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NRC Denies Indian Point Contention from Riverkeeper

BUCHANAN, N.Y. – The Atomic Safety and Licensing Board denied a challenge to the relicensing of the Indian Point nuclear power plants in Buchanan, brought by Riverkeeper and Hudson River Sloop Clearwater . The contention asserted that the Nuclear Regulatory Commission did not take into account new information from a report on the Fukushima, Japan, accident.

"New York State is taking its responsibility to protect public health and safety seriously," Phillip Musegaas, Hudson River program director for Riverkeeper, said in an e-mail. "The NRC seems to be more interested in assuring that nuclear power plants are relicensed than in taking a hard look at the implications of relicensing in the context of a post-Fukushima world."

The contention, filed in August 2011, is one of about 20 being brought before the three-judge licensing board by Riverkeeper and Clearwater to address issues that the environmental groups allege violate regulatory or legal requirements.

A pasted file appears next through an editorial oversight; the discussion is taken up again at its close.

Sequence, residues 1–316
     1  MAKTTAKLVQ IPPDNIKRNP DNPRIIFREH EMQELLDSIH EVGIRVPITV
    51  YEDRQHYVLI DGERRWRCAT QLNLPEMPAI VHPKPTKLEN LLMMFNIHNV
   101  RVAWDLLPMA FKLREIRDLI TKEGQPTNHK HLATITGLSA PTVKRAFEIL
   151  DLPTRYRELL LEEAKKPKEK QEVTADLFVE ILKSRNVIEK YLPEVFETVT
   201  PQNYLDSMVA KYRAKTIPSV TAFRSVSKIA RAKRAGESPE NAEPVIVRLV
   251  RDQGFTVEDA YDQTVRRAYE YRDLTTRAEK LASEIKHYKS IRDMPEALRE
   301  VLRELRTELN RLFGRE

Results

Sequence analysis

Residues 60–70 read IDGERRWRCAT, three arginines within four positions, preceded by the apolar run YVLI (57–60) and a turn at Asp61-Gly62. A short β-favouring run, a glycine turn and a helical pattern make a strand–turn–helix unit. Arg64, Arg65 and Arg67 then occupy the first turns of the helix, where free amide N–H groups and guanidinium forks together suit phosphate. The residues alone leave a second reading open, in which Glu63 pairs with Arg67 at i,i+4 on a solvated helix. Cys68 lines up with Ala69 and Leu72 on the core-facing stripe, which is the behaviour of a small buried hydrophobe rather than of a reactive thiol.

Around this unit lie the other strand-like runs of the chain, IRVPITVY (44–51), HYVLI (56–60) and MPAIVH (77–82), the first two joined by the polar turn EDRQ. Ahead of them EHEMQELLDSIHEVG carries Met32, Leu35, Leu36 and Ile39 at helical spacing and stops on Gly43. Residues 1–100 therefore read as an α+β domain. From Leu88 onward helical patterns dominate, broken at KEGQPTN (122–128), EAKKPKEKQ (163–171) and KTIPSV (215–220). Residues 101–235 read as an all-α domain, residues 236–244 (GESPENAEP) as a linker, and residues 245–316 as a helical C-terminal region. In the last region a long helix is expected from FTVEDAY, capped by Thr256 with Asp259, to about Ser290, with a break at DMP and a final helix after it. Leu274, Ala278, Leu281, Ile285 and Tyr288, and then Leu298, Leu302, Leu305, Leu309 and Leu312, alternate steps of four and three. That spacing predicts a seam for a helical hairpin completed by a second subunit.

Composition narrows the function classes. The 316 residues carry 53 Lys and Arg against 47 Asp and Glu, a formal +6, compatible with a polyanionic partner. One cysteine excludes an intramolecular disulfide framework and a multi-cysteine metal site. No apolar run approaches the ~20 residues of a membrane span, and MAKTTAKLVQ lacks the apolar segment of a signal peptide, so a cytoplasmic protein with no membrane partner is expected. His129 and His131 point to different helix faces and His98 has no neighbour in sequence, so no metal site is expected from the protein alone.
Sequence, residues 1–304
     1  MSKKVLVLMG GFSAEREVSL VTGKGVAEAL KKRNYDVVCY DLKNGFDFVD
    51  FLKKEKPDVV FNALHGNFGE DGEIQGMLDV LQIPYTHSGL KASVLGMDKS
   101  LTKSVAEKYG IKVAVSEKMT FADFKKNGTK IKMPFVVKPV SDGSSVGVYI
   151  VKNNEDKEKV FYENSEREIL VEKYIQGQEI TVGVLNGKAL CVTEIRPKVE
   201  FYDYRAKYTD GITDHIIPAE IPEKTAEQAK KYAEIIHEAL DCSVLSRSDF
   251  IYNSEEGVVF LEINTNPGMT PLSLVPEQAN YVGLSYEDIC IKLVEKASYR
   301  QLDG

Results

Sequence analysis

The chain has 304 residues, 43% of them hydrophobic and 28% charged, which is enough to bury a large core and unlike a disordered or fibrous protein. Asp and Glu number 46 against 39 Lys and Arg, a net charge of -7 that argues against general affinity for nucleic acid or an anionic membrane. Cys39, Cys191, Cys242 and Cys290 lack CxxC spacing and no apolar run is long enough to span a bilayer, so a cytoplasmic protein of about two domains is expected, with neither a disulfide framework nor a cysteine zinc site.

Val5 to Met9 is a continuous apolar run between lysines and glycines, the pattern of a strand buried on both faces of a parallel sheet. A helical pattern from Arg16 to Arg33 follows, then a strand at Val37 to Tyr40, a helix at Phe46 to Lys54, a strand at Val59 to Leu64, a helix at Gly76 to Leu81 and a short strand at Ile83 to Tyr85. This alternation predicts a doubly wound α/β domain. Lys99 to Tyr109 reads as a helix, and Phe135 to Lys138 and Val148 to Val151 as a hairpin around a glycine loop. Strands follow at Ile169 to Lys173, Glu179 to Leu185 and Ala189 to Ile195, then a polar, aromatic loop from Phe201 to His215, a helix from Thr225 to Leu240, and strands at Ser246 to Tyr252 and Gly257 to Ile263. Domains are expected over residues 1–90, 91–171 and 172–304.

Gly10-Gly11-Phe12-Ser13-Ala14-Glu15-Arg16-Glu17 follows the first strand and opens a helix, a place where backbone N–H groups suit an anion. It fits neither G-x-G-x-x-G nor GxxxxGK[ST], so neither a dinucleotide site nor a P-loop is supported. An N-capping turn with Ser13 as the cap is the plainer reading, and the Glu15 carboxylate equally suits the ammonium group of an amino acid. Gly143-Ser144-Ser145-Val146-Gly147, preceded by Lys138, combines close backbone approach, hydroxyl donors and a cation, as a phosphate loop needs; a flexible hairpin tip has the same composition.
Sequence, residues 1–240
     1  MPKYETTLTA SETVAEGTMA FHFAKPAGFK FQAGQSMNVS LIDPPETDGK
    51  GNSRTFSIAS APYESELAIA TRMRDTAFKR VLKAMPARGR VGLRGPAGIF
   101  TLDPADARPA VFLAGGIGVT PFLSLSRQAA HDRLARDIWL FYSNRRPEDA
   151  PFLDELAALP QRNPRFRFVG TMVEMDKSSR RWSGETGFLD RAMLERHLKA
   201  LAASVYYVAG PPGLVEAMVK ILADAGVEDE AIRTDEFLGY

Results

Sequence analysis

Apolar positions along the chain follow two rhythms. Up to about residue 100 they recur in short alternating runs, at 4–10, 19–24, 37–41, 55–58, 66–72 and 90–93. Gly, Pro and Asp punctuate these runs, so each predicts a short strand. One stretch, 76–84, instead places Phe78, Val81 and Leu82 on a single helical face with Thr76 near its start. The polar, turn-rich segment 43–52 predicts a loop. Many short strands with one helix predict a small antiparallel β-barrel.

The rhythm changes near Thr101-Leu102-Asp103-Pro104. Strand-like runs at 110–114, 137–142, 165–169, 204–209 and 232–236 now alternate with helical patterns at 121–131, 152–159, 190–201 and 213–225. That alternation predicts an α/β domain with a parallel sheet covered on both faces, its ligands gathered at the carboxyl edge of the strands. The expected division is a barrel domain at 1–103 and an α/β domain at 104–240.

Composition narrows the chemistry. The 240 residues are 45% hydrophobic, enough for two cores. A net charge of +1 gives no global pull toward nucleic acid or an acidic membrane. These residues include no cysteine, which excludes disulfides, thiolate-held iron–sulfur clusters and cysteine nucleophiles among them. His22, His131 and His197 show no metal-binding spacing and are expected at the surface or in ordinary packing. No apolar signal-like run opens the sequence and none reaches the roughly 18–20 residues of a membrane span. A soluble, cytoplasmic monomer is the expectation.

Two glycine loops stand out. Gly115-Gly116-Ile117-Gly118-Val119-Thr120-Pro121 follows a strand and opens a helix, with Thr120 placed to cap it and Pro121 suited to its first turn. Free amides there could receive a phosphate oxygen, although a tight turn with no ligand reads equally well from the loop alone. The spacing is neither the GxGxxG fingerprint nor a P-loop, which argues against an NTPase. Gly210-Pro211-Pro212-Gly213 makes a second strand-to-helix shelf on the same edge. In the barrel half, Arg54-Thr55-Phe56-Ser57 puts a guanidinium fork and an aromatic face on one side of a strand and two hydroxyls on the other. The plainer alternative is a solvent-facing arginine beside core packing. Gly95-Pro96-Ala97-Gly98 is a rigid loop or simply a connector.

The NRC argued against the admission of the contention, saying it addressed emergency-planning issues that are outside the scope of license renewal, and that other issues brought up by the contention would be “generically addressed,” according to a memorandum order released by the licensing board.

Entergy Nuclear , owner of the plants, also argued against the admission of the contention, saying that the task force report on the Fukushima disaster was not a sufficient source of new information to support the contention, and that the subject of the contention would soon be the source of rule making.

"Commissioner (Gregory) Jaczko is the only NRC Commissioner to raise serious concerns and recommend that the implication of Fukushima be addressed by any plant seeking relicensing on a site-specific basis," Musegaas wrote. "The other four Commissioners do not agree, but the limited steps the Nuclear Regulatory Commission is taking on a national basis are too generic to be effective – so this ruling leaves us without an adequate evaluation of severe accident mitigation at either the national level or on a case-specific basis."

The remaining contentions are expected to be heard later in the year.

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